More On Legal & Compliancefrom The Advisor's Professional Library
- Whistleblowers A whistleblower is any individual providing the SEC with original information related to a possible violation of federal securities law. The Dodd-Frank Act established a whistleblower program that enables the SEC to reward individuals who voluntarily provide such information.
- Pay-to-Play Rule Violating the pay-to-play rule can result in serious consequences, and RIAs should adopt robust policies and procedures to prevent and detect contributions made to influence the selection of the firm by a government entity.
Irving Picard, trustee for the liquidation of Bernie Madoff's firm, announced Thursday that he had reached a $1 billion settlement with Madoff "feeder funds."
Picard, working for the Securities Investor Protection Act (SIPA) liquidation of Bernard L. Madoff Investment Securities, said he has reached a settlement with more than a dozen domestic and foreign investment funds and their affiliates.
The settlement needs approval of the U.S. Bankruptcy Court for the Southern District of New York. A hearing on the matter is scheduled for Sept. 13.
He also settled with a former chief executive associated with Tremont Group Holdings, the multibillion-dollar money-management company and operator of the second-largest Madoff “feeder fund” group, the Rye Select and Tremont families of funds.
At the same time, at the behest of Rep. Scott Garrett, R-N.J., chairman of the House Financial Services Subcommittee on Capital Markets, the Government Accountability Office has said that it will conduct a comprehensive evaluation of the actions of the Securities Investor Protection Corp. (SIPC), Picard; and the Securities and Exchange Commission’s involvement and oversight of the liquidation.
According to a release announcing the settlement, the deal also includes three co-defendants named in the suit, filed on Dec. 7, 2010: Oppenheimer Acquisition Corp., an affiliate of the Oppenheimer family of mutual funds which acquired Tremont Group in 2001, and Oppenheimer’s parent corporations, MassMutual Holding and the Massachusetts Mutual Life Insurance Co.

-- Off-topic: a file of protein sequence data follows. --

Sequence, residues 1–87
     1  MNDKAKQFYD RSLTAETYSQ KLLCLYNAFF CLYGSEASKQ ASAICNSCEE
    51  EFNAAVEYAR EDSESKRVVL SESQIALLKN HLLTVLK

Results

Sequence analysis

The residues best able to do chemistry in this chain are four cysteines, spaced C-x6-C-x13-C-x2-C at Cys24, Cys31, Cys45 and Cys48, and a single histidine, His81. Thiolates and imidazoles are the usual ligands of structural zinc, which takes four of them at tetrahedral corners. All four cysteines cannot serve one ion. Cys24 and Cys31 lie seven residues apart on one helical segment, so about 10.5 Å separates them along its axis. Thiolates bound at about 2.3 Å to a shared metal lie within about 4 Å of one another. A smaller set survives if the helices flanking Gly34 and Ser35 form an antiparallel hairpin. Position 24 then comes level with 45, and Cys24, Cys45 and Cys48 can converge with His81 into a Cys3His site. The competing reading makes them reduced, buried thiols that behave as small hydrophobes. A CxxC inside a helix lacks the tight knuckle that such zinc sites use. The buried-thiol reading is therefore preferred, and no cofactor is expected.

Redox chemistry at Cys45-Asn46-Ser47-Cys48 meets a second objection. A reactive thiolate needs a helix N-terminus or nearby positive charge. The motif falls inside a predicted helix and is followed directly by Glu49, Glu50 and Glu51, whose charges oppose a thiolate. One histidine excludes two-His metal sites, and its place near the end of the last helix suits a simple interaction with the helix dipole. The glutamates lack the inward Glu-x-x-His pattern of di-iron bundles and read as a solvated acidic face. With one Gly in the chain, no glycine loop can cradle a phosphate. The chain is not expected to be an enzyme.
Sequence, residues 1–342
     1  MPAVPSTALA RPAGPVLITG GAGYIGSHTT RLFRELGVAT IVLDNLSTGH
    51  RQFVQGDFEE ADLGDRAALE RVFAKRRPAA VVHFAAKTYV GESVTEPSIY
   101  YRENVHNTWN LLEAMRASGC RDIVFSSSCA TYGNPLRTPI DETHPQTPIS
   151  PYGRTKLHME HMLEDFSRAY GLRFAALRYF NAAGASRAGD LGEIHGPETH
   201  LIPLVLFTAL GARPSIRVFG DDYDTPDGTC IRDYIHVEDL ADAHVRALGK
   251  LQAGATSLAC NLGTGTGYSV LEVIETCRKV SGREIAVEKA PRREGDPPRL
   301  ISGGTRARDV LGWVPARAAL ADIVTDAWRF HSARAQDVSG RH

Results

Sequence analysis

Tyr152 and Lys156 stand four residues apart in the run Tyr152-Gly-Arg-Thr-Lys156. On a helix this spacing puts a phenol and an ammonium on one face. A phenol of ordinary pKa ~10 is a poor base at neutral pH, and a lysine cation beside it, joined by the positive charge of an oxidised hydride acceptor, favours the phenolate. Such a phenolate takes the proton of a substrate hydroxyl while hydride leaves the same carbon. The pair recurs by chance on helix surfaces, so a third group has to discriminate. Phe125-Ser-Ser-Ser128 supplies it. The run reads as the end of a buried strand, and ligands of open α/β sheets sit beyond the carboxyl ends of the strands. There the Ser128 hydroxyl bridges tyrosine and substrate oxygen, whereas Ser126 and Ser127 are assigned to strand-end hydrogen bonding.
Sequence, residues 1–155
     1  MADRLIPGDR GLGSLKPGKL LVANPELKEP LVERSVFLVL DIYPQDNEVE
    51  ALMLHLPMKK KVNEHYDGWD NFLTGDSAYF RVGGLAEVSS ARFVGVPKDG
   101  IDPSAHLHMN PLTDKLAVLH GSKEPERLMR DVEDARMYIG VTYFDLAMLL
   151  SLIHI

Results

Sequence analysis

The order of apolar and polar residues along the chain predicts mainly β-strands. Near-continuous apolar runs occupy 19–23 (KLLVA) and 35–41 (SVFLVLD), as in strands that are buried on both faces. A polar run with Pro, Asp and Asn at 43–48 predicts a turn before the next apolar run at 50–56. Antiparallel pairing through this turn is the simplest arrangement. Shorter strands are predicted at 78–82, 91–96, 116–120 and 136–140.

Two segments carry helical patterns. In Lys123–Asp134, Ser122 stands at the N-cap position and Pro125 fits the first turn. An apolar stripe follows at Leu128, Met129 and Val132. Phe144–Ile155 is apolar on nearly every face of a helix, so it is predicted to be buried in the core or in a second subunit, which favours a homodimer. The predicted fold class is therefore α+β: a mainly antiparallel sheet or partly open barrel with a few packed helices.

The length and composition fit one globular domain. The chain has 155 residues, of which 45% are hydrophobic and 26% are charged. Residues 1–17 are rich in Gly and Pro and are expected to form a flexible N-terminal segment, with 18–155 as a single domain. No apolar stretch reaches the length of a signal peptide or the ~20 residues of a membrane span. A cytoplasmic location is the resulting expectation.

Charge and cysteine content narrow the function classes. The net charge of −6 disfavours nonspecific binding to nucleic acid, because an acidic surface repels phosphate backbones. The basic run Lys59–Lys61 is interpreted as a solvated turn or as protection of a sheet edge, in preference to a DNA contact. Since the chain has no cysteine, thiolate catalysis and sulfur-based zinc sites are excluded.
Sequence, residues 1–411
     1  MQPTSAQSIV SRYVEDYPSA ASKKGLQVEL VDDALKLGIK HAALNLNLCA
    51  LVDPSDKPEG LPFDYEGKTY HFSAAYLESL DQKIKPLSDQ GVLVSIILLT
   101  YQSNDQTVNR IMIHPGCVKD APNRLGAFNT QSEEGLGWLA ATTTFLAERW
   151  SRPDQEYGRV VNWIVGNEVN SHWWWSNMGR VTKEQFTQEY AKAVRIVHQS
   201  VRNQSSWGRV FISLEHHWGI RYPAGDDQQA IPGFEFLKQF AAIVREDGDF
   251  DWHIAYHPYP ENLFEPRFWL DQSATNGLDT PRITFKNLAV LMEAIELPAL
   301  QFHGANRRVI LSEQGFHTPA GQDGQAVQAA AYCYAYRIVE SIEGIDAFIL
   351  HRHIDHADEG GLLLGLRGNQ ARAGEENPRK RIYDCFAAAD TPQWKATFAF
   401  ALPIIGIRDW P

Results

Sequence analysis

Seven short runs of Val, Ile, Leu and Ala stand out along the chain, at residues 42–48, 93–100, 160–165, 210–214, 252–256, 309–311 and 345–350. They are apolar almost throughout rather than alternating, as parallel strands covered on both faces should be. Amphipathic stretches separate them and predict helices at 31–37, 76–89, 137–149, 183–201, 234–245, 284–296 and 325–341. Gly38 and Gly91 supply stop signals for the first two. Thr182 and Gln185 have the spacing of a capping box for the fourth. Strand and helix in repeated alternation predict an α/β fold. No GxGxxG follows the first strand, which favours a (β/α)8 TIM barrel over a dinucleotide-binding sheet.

As part of the settlement agreement, the release states that defendants will deliver cash payments into escrow totaling more than $1 billion, which will ultimately be placed into the Customer Fund and distributed, pro rata, to Madoff customers with allowed claims.
As explained in the release announcing the settlement, the payments, “combined with the approximately $2.6 billion already in the Customer Fund and the $5 billion settlement with the Picower estate (currently under appeal) brings the Trustee’s recoveries to more than $8.6 billion, or nearly 50% of the approximately $17.3 billion in principal that was lost in the Ponzi scheme by customers who filed claims.”
The release states that according to the complaint, the Tremont Group and related entities were aware–through warnings in both internal communications and publicly available information–that the Madoff fund might be fraudulent.
“We believe this settlement–coupled with the Trustee’s recent settlements with the Fairfield Sentry, Greenwich Sentry and Greenwich Sentry Partners feeder funds–sends a strong message that the financial community cannot deliberately ignore indicia of fraud,” said David J. Sheehan, a partner at Baker & Hostetler, the court-appointed counsel for the trustee, in the release.
In the settlement agreement, both sides stated their desire to avoid the risk, expense and delay associated with litigation.
The release further says that upon the release of the settlement payments from escrow, the Trustee will allow customer claims related to the Rye Select and Tremont funds against the Madoff funds of more than $3 billion, with four of the funds each receiving $500,000 in SIPC advances–a total of $2 million–which will be available for distribution to these feeder fund investors.
“We have structured this settlement with the view that any future pro-rata distributions to Rye Select and Tremont funds will flow through to the investors and not the funds’ management,” said Thomas Long, counsel to Baker & Hostetler, in the release.